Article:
- The case will be dealt with in a day, unless the parties need longer
- The case will be the only one in the list – no waiting around
- No adjournments unless exceptional circumstances
- The planning meeting, and even the main hearing, can be dealt with by phone or on paper
- You can deal directly with the arbitrator to resolve minor issues by email, whereas in the court process you would have to ask for a hearing
- Arbitration is like getting a fast direct train rather than getting a slow stopping train
The Arbitration Process
- The parties must obtain a basic check of their criminal records (see gov.uk for dbs check) and complete form ARB1CS and the attached safeguarding questionnaire.
- The parties choose an arbitrator and ask IFLA to approach that arbitrator.
- The arbitrator accepts the appointment and receives papers.
- There may be a planning meeting, possibly by phone or on paper, at which the arbitrator makes any directions.
- The final arbitration takes place and a determination is emailed to the parties.
- The parties apply to the court for a consent order reflecting the determination.
Procedure if the case is partway through proceedings
- If CAFCASS has already done the criminal record checks, you or the parties should send the results straight to the arbitrator so that they can accept the case. Otherwise the parties will need to do that themselves using the government website here. They should apply for a Basic Check. It takes 14 days and costs £25.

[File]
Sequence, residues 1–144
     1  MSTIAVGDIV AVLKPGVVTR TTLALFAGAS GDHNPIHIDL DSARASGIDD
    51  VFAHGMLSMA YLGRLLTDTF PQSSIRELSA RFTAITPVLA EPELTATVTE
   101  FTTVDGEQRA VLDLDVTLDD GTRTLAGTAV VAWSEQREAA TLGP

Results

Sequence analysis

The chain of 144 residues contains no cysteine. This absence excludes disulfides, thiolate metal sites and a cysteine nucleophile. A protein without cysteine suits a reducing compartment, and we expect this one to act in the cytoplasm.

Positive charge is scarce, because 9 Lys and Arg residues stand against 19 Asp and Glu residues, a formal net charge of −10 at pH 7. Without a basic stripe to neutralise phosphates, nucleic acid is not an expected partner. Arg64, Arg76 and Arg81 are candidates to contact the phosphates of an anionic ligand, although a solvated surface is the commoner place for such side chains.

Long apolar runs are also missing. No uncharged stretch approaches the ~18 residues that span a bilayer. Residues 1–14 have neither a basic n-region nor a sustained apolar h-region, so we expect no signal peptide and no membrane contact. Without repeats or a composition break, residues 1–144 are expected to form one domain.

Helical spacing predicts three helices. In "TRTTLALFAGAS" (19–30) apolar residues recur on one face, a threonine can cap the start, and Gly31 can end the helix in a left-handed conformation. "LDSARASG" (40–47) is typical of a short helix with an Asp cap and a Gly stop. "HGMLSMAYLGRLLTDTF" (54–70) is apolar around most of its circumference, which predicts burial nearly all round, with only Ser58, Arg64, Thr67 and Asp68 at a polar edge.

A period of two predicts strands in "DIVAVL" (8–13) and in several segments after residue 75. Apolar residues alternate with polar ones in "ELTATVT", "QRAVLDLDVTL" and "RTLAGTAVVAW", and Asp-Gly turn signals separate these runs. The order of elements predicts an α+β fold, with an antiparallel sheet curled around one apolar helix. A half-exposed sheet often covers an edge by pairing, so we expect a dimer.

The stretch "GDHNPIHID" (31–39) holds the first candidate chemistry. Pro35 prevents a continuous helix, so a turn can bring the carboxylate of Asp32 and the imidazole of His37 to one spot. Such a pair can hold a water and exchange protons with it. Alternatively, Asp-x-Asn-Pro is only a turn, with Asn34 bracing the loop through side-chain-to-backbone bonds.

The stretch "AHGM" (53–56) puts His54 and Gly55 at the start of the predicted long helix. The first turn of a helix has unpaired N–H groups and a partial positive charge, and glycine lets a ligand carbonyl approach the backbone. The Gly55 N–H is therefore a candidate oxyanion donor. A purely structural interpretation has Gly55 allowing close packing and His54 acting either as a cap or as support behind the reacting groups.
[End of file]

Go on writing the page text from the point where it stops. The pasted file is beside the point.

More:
- The parties complete the form ARB1CS and safeguarding questionnaire, which they can obtain from the IFLA website under ‘Resources‘, where you will also find the Arbitration Rules. The parties should name their chosen arbitrator on the form.
- The parties email the form to IFLA at email@example.com. IFLA will then write to the chosen arbitrator to say that they have been appointed as an arbitrator.
- The parties can ask the court to stay the proceedings or list it as it would have done anyway, but allow the parties to apply to vacate that fixture if the arbitration takes place
- After the arbitration the parties or their legal representatives follow the procedure below for getting a court order.
Procedure if the parties come to arbitration from the outset
- The first thing is for the parties to obtain criminal record checks through the government website www.gov.uk. They should apply for a Basic Check. It takes 14 days and costs £25.
- Once those checks are received the procedure is the same as above.
Getting a court order
- The parties are expected to apply to the Family Court for an order in the same terms as the arbitrator’s decision.
- Both sides apply on Form C100 for a consent order. This costs £215 which is shared between the parties and the application is dealt with as box work.
- The C100 is sent with the ARB1CS and the arbitrator’s determination is sent in an attached envelope marked as ‘confidential – not to be opened without the permission of a judge of the Family Court’.
- If one of the parties does not agree to get a court order, according to the PD of 23.11.15 the case will be listed but not much time will be given to it, the court adopting “an appropriately robust approach”.
- Appeals are possible but extremely difficult. Please see s66-71 Arbitration Act 1996.